Big wine 8-9-2023

Most wine is produced by a small number of large wineries. At the same time, most wineries are small producers.

In February 2023, Wine Business Monthly reported there were 11,601 wineries in the U.S. Eighty-three percent of those wineries produced 5000 cases of wine or less; 49% produced 1000 cases or less.

Most U.S. wine is produced by one-half of one percent of our total number of wineries. Gallo is the behemoth with production of some 100 million cases a year—more than three percent of worldwide wine output, twice as much as its nearest competitors. Gallo produces more than the combined production of the next four big U.S. wineries—The Wine Group, Trinchero Family Estates, Delicato Family Wines, and Constellation Brands.

Photo: Ser Amanita di Nicolao

The situation is not exactly the same in the other major wine producing countries, but similar. In Europe and elsewhere, there is winemaking where hundreds, even thousands, of grape farmers band together in cooperatives. The co-ops may produce wine for a grower’s label or combine production of many growers under co-op labels or both produce some wine for the grower’s label, then combine leftover grapes into co-op wines.

The reason for this is simple. Many individuals simply do not have enough production to afford all that goes into winemaking—from equipment to skilled labor to marketing and sales.

Large European makers—the big Champagne houses, for example—have equipment and supporting resources, but do not grow enough grapes on their own to meet demands. They buy grapes from growers.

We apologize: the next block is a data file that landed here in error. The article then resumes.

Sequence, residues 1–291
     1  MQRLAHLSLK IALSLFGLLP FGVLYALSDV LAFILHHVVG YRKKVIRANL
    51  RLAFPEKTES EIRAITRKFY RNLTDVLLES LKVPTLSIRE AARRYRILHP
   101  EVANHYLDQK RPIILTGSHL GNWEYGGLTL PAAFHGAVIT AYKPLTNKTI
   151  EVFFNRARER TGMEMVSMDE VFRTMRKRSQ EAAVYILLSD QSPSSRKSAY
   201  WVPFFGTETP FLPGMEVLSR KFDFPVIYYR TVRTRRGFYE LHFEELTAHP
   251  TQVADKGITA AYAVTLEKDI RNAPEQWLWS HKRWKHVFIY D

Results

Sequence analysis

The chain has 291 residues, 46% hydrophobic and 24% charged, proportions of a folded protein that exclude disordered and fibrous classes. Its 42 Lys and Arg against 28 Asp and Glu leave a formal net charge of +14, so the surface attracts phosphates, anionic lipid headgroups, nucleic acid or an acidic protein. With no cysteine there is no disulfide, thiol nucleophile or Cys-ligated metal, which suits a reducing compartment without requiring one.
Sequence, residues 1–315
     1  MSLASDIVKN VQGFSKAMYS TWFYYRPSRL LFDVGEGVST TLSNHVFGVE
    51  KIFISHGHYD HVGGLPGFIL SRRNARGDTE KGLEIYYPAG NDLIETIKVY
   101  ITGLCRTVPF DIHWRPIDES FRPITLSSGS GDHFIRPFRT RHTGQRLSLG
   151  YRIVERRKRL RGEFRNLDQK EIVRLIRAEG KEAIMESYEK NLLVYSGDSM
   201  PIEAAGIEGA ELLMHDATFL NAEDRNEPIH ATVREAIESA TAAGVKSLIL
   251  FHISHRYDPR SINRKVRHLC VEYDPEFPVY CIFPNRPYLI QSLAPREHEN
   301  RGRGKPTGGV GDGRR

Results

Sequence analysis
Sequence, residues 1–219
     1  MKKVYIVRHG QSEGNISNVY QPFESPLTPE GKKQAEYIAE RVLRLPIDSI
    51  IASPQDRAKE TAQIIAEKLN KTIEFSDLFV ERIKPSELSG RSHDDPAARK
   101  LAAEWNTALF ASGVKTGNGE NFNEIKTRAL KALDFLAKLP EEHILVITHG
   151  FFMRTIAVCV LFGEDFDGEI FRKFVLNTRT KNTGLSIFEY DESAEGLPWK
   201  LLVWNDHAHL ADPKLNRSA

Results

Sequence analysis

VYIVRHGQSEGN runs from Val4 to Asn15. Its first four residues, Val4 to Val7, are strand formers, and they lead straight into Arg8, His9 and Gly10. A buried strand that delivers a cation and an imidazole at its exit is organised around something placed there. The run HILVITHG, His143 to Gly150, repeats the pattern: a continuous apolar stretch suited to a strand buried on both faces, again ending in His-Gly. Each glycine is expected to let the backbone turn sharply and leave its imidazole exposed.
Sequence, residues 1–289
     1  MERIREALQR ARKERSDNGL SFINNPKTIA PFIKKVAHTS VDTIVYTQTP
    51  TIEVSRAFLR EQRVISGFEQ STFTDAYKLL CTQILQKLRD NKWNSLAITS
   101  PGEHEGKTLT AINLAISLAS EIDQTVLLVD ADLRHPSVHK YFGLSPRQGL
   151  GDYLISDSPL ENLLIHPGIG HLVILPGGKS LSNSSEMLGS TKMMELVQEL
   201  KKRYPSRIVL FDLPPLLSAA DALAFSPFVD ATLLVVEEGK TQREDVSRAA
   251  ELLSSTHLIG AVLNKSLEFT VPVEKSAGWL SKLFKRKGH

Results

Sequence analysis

Around the world wine also is produced by négociants. A négociant or négoce is a wine merchant who purchases grapes, juice, or finished wines and then vinifies, bottles, or labels under their own names. Joseph Carr Josh Cellars is a popular U.S. wine that is a négociant operation.

The idyllic wine picture is a sixth-generation family toiling in their vineyard, hand-sorting grapes, and lovingly shepherding juice through fermentation, aging, and bottling. That is true for some wine, but by no means all.

Tasting notes:

• Joseph Carr Josh Cellars Chardonnay 2020 is a showy, crowd-pleasing commercial wine you easily can find thanks to abundant production and distribution. $11-15 Link to my review

• Cantine Ermes Epicentro Nero d’Avola Riserva, Sicilia DOC 2016 is dense, fruity to jammy expression of Sicily’s signature red grape. Made by a cooperative with 2,373 members. $15-20 Link to my review

Last round: This summer is so hot, the local barbecue joint no longer has to burn wood to slow cook its brisket. Wine time.